Well Alright Alright Alright. Matthew McConaughey is back once more in a dramatic lead role that, whilst incomparable to his other serious adventures, proves a noteworthy addition. It’s long and over bloated, but it nevertheless shares an unbelievable yet true story from America’s Civil War.
We follow the life of Newton Knight, who served as a battlefield medic for the Confederate Army in 1862. After the loss of his young nephew, Knight begins to question his involvement in the war and decides to desert the army to create his own renegade band. Knight’s armed rebellion take on the Confederacy in Jones County. Runaway slaves that have joined Knight’s campaign, and there are tensions on all sides. This is where the film begins to lose touch.
There’s almost too much to cover even though each subplot is of importance. Newton begins to change and define himself with a new set of guiding principles that he desperately struggles to share with others who aren’t as willing to adapt. But we also see issues relating to the post-war settlement and the continued racial segregation. Too many climaxes and resolutions were established before yet another one was introduced and this doesn’t do justice to the significance of sub-plot. For example, just as we’ve reached the conclusion of the civil war which takes up a large section of runtime, we progress onto another major conflict with black voting rights by which at this time you feel exhausted. It’s in these decisions that I feel director and writer Gary Ross has created a film that feels long and overcrowded from one scene to the next.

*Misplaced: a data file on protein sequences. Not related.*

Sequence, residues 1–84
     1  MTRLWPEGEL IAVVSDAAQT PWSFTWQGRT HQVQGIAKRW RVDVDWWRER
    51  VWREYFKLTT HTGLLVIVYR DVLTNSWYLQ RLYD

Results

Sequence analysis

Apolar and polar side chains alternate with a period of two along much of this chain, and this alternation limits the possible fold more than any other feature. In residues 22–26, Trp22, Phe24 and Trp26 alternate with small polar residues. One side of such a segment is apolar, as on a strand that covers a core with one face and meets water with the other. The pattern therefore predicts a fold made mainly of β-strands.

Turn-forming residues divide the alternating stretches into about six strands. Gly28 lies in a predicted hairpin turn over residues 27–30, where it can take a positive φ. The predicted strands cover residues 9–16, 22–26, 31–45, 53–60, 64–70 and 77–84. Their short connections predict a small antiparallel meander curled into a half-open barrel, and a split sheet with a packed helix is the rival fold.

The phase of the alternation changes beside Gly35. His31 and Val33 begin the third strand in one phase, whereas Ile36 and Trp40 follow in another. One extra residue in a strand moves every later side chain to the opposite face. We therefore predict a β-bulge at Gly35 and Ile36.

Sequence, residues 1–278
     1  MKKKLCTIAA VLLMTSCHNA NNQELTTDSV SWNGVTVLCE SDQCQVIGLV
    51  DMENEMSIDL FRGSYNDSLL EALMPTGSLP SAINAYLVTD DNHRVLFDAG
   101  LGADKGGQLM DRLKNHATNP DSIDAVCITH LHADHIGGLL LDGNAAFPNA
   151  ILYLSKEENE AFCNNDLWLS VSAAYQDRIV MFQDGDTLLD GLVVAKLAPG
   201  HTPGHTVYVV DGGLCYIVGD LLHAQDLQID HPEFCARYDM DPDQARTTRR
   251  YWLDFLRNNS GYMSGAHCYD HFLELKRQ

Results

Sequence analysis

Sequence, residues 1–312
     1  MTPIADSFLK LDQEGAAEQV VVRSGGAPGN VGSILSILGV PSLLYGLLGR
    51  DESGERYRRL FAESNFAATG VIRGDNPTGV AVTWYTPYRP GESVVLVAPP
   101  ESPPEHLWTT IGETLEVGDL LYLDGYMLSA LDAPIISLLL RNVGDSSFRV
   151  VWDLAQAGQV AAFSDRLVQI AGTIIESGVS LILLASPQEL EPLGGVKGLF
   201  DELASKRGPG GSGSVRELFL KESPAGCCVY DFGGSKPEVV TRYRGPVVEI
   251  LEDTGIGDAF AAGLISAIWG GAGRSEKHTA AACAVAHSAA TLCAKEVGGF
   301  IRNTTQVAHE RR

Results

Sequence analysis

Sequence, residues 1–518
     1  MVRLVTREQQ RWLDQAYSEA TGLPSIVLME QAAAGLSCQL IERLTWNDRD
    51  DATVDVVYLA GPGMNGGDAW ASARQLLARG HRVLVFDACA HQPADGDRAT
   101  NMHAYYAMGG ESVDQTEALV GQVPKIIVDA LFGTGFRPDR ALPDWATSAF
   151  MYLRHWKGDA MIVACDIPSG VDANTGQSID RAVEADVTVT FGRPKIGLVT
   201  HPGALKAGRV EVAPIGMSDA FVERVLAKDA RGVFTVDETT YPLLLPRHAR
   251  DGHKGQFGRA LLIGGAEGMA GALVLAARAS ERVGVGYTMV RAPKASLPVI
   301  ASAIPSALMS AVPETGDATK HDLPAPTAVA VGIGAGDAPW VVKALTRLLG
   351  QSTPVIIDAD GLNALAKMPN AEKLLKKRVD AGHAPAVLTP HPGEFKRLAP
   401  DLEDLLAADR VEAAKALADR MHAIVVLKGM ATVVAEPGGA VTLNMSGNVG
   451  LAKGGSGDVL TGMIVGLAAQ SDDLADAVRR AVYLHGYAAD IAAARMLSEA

The choice to intersperse the saga of Newton’s great-great-great grandson adds even further confusion to the plot. Whilst I understand the reasons behind the choice, to draw a parallel between the same spirit and actions of his great ancestor, ultimately this particular story felt difficult to relate to and out of place in the context of the main plot. For the entire film you throw yourself behind McConaughey, so you can’t be expected to feel the same for someone who shows up for less than 15 minutes – even if it is his kin.
As I said, the story of Jones County and Newton Knight’s forces still seems quite inconceivable. There are some nice performances throughout, in particular by Gugu Mbatha-Raw whose beautiful work brought out subtle emotions. McConaughey is still in fine form but didn’t blow me away like he did in Dallas Buyers Club. Having said all that, I still wouldn’t recommend seeing this as you would have a more enjoyable experience reading and researching yourself into the life of Newton Knight. You might be amazed.